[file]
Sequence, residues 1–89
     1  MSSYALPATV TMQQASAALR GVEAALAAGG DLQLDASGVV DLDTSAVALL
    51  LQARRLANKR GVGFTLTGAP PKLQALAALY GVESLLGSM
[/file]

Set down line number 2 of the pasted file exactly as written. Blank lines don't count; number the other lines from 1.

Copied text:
     1  MSSYALPATV TMQQASAALR GVEAALAAGG DLQLDASGVV DLDTSAVALL